Pressure sensors P1-P8 and temperature sensors T1-T8 are conventionally included in dockable spacecraft modules, so that the receiving spacecraft crew can determine if there is an appropriate amount of air in the new module to permit opening the hatch. In an embodiment for a system not pre-fitted with sensors, the sensors may be part of the embodiment.

The predetermined volume of each compartment may be updated by a user of an embodiment of the spacecraft depressurization forecaster to compensate for air displaced by stored cargo and supplies. In an alternate embodiment, means for compensating for the air displaced by human beings in the compartment may be included. In a particular alternate embodiment, the presence of a particular human being in a compartment may be sensed and the predetermined volume of the compartment recomputed to compensate for that presence.

When depressurization is detected, the first task is to locate the leak. If all hatches to a single leaking compartment are closed, then that leaking compartment alone will experience a pressure change. It is useful to minimize the number of hatches that are closed when locating a leak, thereby conserving time and air. A method used by embodiments of the spacecraft depressurization analyzer is to close a single hatch and observe pressure changes on each side thereof. For example, by closing hatch 186 and observing pressure changes, one can narrow the search for the leak. If pressure is still dropping in compartment 106 and not in compartment 108, then the leak is in compartment 102, 104, or 106. Closing hatches 103, 180, 184, or 185 is now known to be unnecessary, and closing hatch 142, 164, or both will isolate the leak.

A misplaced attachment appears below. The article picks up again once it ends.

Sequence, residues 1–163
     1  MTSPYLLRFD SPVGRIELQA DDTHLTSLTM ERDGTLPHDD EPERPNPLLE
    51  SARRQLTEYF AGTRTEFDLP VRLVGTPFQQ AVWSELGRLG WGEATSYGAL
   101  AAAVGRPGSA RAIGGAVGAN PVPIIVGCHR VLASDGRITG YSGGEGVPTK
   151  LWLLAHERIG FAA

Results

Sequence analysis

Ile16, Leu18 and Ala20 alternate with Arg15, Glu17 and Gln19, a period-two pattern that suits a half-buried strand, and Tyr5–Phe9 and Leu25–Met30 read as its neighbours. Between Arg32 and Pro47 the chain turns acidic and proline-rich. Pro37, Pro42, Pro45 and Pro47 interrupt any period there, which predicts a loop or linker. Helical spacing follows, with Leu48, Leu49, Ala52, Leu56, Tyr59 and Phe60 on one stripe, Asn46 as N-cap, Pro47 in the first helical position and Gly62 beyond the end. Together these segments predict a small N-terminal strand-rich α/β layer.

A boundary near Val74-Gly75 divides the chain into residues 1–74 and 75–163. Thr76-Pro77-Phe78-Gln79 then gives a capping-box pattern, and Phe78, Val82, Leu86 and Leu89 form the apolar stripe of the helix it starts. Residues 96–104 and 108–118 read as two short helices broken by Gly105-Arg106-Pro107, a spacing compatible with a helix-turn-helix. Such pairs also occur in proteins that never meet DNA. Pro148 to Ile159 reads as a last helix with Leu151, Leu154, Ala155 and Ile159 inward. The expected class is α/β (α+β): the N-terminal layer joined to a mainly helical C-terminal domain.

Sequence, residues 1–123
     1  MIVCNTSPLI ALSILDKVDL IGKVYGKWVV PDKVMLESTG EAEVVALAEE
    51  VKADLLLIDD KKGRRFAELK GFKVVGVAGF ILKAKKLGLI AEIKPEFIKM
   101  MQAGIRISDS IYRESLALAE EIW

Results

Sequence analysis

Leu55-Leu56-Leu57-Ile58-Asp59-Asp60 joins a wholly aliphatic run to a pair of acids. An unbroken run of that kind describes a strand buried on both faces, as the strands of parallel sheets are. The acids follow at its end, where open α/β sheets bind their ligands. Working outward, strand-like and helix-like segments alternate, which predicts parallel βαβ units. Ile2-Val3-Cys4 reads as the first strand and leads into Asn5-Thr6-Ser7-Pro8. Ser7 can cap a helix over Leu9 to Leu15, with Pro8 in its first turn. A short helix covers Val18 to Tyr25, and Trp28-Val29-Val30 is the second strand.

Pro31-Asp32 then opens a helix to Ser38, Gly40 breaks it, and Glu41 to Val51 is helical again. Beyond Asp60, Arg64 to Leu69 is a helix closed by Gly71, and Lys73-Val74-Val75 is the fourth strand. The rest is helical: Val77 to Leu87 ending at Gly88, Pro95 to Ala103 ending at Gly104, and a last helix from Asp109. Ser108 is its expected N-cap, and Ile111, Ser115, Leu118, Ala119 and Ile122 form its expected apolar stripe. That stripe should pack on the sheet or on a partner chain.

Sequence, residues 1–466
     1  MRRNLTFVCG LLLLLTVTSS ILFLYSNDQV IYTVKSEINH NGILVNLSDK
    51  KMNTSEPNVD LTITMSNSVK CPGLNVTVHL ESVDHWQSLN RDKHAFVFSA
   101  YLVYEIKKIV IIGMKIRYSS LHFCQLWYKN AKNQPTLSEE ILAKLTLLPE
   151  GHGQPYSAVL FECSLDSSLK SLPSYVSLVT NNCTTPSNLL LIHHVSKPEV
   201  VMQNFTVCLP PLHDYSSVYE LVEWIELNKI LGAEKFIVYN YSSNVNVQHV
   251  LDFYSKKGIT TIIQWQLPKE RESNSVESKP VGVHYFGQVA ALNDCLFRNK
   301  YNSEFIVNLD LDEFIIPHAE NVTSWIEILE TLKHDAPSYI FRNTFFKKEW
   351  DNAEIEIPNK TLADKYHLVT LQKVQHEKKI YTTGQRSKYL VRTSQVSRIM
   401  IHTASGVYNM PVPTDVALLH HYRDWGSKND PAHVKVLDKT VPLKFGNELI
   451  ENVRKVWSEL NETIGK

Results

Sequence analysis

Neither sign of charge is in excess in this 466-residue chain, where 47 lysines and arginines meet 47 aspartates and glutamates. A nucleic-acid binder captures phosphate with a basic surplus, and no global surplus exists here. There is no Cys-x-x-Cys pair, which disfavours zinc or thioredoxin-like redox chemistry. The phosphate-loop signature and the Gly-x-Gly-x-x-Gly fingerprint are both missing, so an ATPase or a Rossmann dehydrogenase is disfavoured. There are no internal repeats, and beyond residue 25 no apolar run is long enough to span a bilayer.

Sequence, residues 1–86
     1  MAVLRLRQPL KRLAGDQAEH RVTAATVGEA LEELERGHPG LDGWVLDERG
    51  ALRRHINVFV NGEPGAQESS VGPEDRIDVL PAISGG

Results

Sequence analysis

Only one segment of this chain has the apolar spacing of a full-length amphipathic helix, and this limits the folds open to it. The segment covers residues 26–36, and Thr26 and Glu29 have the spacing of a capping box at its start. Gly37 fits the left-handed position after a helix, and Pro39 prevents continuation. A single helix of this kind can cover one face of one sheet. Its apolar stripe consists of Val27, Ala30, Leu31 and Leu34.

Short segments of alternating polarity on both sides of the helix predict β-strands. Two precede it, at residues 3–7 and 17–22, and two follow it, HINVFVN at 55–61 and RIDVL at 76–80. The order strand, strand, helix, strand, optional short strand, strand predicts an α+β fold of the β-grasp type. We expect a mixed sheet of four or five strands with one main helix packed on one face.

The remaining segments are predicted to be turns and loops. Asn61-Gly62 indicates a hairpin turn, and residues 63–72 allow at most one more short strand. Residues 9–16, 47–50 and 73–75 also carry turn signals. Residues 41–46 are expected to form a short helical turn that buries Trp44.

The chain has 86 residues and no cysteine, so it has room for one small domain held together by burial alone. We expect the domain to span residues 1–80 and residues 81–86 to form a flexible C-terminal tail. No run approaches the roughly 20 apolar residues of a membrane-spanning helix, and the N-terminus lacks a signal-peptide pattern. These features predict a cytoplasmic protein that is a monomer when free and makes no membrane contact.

FIG. 2 shows an exemplary depressurization curve 202 on time vs. pressure graph 200. Depressurization curve 202 is the product of a particular feeding volume and a particular size of the hole, or aperture, through which the air is leaking. A feeding volume is calculated from the volume of interest, the pressure of the air in that volume, and the temperature of the air in that volume. This volume may be the sum of volumes of several compartments which may be in fluidic communication by, for example, open hatches. Initially, the volume of interest is the total volume of all compartments summed together.